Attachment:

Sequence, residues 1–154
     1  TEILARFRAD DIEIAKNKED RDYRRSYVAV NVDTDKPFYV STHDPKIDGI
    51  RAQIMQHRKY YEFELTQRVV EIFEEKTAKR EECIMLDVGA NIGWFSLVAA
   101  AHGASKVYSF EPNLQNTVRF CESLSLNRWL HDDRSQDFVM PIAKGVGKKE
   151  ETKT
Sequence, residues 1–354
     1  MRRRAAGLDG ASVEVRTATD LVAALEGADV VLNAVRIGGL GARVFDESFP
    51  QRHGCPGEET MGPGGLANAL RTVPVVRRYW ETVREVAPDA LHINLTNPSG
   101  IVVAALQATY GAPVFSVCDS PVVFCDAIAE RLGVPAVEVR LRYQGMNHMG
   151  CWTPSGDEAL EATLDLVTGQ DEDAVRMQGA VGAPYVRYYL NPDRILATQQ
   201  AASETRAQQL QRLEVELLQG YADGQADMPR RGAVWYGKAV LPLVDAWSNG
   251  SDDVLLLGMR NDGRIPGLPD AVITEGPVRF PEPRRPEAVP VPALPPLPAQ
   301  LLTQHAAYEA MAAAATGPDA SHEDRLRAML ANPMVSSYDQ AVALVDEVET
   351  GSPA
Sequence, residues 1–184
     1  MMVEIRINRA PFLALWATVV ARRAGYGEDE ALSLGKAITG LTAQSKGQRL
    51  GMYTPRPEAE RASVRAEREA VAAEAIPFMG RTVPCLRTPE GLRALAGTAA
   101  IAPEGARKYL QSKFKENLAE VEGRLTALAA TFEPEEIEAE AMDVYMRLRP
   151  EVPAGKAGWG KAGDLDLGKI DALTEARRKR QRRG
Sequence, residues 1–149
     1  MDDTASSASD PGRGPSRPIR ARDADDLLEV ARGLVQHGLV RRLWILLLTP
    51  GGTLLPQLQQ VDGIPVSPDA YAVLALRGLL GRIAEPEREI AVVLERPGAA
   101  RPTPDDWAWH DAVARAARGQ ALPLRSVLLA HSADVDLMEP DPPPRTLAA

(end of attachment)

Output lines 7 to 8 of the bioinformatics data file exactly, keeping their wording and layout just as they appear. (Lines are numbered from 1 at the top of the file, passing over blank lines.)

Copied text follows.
     1  MRRRAAGLDG ASVEVRTATD LVAALEGADV VLNAVRIGGL GARVFDESFP
    51  QRHGCPGEET MGPGGLANAL RTVPVVRRYW ETVREVAPDA LHINLTNPSG